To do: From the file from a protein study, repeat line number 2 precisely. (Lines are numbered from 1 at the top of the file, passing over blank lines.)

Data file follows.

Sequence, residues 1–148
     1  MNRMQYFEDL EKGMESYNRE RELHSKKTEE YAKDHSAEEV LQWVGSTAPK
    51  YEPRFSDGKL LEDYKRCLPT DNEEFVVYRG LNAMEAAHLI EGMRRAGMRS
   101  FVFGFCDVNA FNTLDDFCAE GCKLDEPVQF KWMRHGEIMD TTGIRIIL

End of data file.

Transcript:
     1  MNRMQYFEDL EKGMESYNRE RELHSKKTEE YAKDHSAEEV LQWVGSTAPK